PARIS — Following months of speculations, Netflix has finally unveiled details about its first French drama commission: “Marseille,” a sprawling crime skein created and penned by “Carlos” co-scribe Dan Franck.
Shot entirely in France, “Marseille” will debut exclusively in all Netflix territories in late 2015.
A tale of power, corruption and redemption set against the rich backdrop of the French port city, “Marseille” focuses on the story of Robert Taro, mayor of the city for 25 years. The coming elections have him face the man he chose as his heir, an ambitious youngster aiming high. Both candidates will fight mercilessly.
“Marseille” stages a fight around revenge, animated by drug lords, politicians, unions and the political players of the city.
“‘Marseille’ is an ambitious, diabolically smart fictitious exploration of local politics in one of the world’s most vibrant and fascinating cities.” said Netflix content chief Ted Sarandos. “We are delighted to be working with some of the best storytellers in France to deliver a series that erases the line between film and television.”
Franck is best known for co-writing “Carlos,” which won Golden Globe for best miniseries and a Cesar for most promising actor, Edgar Ramirez, and was nominated for 36 international awards, including two Primetime Emmy Awards.
“Creating a series for an enormous audience and without any constraints will let us push to its limits a story about the Shakespearean theater of politics in a city where Alexandre Dumas and Jean-Claude Izzo, among others, have planted many spears,” said Franck. “Netflix has given us a blank page to create a ‘House of Cards’ in French that breaks through unspoken hypocrisy. This is a writer’s dream and a great opportunity for French producers and creators to enter a new world.”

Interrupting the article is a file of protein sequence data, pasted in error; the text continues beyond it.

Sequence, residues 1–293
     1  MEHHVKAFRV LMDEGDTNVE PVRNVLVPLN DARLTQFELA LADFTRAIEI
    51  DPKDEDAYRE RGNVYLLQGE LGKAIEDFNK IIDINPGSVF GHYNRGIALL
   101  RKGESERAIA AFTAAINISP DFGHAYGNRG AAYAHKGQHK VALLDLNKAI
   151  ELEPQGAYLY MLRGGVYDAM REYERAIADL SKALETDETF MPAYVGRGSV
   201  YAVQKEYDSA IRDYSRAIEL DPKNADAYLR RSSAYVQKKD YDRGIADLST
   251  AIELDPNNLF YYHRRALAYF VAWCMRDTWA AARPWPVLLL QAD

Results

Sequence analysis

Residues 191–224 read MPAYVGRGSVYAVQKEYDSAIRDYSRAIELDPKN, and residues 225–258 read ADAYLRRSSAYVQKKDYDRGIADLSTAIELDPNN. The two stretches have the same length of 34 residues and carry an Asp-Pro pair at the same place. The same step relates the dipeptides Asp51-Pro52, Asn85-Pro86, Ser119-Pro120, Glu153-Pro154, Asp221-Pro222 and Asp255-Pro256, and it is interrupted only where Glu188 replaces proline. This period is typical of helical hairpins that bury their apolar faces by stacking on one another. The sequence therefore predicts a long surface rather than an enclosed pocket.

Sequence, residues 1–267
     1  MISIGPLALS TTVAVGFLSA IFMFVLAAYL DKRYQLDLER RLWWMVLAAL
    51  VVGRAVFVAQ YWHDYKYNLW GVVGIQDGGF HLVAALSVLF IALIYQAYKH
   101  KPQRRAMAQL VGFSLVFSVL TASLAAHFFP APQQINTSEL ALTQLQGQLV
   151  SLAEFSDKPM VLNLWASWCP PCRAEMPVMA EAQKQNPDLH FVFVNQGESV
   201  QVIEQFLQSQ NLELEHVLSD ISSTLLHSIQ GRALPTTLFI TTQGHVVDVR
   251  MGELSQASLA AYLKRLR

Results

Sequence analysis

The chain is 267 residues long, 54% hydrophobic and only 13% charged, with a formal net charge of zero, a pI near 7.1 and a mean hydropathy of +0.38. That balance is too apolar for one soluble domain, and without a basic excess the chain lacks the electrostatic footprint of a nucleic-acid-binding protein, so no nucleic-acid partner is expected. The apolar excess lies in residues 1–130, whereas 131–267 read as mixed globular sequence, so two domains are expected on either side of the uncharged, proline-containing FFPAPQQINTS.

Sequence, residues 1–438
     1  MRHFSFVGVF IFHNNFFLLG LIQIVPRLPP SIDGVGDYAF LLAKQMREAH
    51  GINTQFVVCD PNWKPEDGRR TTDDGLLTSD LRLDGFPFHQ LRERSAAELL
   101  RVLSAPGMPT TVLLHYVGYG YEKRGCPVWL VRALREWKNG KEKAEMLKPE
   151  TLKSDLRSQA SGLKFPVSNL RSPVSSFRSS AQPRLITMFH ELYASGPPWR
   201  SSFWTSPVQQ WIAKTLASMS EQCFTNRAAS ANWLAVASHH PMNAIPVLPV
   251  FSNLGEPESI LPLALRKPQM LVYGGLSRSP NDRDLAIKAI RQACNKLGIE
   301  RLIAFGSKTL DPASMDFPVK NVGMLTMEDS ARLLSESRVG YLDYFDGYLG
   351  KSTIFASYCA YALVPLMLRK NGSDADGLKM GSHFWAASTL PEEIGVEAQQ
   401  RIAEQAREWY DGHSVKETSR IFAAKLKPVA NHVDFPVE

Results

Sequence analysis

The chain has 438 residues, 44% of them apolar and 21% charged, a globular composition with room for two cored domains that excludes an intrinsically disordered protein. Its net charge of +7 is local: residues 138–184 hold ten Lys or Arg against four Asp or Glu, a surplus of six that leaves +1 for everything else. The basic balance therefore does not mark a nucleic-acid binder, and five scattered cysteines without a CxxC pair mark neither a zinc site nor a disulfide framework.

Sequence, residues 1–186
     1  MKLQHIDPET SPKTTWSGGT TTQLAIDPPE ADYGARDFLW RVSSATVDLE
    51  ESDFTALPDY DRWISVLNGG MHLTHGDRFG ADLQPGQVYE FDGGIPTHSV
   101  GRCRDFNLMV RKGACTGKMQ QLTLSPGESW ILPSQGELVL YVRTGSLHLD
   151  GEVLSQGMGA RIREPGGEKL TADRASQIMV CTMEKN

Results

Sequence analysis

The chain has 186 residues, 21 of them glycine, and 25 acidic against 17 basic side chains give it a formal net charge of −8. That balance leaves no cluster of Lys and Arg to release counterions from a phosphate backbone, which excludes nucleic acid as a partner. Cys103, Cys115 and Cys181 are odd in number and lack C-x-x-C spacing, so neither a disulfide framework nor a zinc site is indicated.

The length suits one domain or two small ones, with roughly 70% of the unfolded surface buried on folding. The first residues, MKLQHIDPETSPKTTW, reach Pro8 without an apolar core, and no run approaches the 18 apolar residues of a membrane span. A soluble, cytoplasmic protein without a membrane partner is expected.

The first two episodes of “Marseille” will be directed by Florent-Emilio Siri, director of the Cesar-nominated theatrical hits “My Way” (Cloclo) and “L’Ennemi intime. ” Samuel Benchetrit (“J’ai toujours rêvé d’être un gangster”) will also be directing episodes.
The skein is produced by Paris-based Federation Entertainment, the shingle launches by industry vet Pascal Breton, former topper of Marathon (now owned by Zodiak) and producer of such popular French series as “Dolmen” and “Sous le Soleil.”
“Movies today sacrifice a lot to almighty pacing and often lose the essential: the characters. Current TV series do exactly the opposite, they stretch time and work characters in depth with all their complexities and contradictions. That’s what makes for their success,” said Florent-Emilio Siri. “The movie business in France today confines itself to comedy or what is called ‘author cinema.'”
Breton explained that “‘Marseille’ will take the audience right into the political arena where the old regime of traditional politicians are getting ready to face the younger generation of predators, thugs, and sometimes their own heirs.”
Added Breton, “Netflix is giving us the perfect opportunity to tell this story from a uniquely French viewpoint, in association with some of France’s best writers and directors. Produced entirely in France, Marseille has the potential to become one of the most gripping television events of the coming years.”